Commentary on Parashat Vayikra, Leviticus 1:1 - 5:26
This week’s Torah portion, Vayikra, describes the various voluntary and obligatory sacrifices that God commands the Jewish people to bring. Two types of offerings, the hatat (sin offering) and the asham (guilt offering), provide atonement for unintentional transgressions against the Torah. After both of these offerings are described, the Torah presents another, puzzling form of the guilt offering:
If a person sins and commits one of the commandments of the Lord which may not be committed, but he does not know, he is guilty, and he shall bear his transgression. He shall bring an unblemished ram from the flock, with the value for a guilt offering, to the priest. The priest shall then make atonement for his unintentional sin which he committed and did not know, and he shall be forgiven. It is a guilt offering; he has incurred guilt before the Lord (Leviticus 5:17-19).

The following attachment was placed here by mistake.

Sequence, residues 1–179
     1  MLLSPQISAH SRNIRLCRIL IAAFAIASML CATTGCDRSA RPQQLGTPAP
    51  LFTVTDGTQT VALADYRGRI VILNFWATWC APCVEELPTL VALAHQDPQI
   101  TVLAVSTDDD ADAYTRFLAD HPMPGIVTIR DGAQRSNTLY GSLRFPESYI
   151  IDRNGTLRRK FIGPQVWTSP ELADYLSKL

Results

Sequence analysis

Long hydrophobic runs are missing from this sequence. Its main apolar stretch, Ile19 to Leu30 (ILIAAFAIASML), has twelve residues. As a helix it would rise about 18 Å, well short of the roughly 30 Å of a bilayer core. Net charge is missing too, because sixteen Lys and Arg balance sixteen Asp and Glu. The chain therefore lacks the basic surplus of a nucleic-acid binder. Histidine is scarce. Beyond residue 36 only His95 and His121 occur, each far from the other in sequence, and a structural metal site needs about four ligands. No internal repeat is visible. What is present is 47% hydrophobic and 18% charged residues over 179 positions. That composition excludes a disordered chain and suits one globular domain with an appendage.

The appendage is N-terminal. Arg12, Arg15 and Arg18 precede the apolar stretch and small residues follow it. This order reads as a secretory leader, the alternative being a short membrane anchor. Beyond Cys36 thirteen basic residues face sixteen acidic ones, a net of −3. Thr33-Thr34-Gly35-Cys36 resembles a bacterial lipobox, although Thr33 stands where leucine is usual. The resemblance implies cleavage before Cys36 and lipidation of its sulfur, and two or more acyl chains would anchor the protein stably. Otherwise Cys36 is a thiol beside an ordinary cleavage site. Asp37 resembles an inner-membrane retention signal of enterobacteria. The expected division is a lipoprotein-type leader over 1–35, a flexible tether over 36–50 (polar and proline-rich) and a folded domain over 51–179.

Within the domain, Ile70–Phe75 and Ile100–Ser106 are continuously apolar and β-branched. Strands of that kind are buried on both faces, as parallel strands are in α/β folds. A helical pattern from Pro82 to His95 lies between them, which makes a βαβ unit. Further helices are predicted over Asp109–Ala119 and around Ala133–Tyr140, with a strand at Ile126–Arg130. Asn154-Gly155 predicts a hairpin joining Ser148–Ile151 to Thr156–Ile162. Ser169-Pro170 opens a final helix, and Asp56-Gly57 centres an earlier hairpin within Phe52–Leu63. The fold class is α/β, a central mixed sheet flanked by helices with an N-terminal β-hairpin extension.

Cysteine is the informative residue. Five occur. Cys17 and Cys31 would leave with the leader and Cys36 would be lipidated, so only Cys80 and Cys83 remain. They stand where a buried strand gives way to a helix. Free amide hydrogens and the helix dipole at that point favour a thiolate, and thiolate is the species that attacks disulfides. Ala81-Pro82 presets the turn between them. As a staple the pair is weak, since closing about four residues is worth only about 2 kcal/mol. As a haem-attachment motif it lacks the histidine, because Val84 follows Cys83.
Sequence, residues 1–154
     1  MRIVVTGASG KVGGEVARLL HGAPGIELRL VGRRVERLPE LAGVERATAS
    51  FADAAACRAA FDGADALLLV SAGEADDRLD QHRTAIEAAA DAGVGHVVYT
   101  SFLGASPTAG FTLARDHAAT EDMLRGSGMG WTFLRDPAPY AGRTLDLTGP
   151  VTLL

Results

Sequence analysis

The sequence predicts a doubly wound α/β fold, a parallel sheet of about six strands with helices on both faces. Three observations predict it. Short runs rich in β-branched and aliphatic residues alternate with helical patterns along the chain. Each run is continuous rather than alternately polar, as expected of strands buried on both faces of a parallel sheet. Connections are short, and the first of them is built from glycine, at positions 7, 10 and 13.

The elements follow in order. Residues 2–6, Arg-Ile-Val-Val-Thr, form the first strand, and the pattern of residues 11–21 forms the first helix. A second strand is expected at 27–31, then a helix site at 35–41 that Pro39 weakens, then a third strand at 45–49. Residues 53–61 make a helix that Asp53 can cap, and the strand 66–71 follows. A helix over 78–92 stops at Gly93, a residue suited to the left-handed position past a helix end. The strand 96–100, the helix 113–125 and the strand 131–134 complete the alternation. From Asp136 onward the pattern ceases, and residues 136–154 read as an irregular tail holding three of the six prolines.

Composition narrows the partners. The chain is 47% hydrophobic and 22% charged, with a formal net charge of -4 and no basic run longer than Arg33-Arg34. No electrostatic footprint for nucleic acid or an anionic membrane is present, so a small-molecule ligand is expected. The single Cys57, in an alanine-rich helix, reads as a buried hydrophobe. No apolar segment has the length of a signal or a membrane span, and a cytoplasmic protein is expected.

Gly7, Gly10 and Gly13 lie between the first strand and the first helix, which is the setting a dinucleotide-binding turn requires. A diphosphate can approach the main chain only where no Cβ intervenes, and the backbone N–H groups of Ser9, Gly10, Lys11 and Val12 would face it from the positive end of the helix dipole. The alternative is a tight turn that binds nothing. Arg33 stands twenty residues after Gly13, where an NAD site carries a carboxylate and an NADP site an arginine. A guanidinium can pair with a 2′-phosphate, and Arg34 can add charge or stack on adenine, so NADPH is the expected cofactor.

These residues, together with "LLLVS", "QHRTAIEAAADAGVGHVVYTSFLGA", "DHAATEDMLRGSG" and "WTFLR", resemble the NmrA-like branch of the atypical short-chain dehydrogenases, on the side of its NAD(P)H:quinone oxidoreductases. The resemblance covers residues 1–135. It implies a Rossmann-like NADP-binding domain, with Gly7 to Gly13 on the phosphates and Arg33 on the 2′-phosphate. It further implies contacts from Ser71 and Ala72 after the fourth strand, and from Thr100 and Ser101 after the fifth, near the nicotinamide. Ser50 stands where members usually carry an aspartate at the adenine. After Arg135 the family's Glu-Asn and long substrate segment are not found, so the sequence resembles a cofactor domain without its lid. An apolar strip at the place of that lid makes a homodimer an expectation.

These verses elicit many questions. We have already read that the sin and guilt offerings atone for unintentional misdeeds; how does this offering differ? What does it mean, that the person “does not know”? Why is this action uniquely described as incurring guilt “before God”?
The Talmud reads these verses as describing a very specific type of sacrifice, called asham talui–an “undetermined guilt” offering. As opposed to the other sin and guilt offerings, which are brought when a person’s action has transgressed a commandment (even if that was only realized after the fact), the asham talui is brought when it cannot be conclusively determined whether the act was, in fact, a transgression at all.
Rashi gives the following example of such a case: [a piece of] prohibited animal fat and [a piece of] permissible animal fat were placed before someone, and, thinking that both were permissible [fats], the person ate one. Then, the person was told, “One of those pieces was prohibited fat!” Now, if the person knew that the piece consumed was the forbidden piece they would bring a regular sin offering. But since it is unknown which piece was eaten, the permitted or the forbidden, the asham talui offering is proscribed.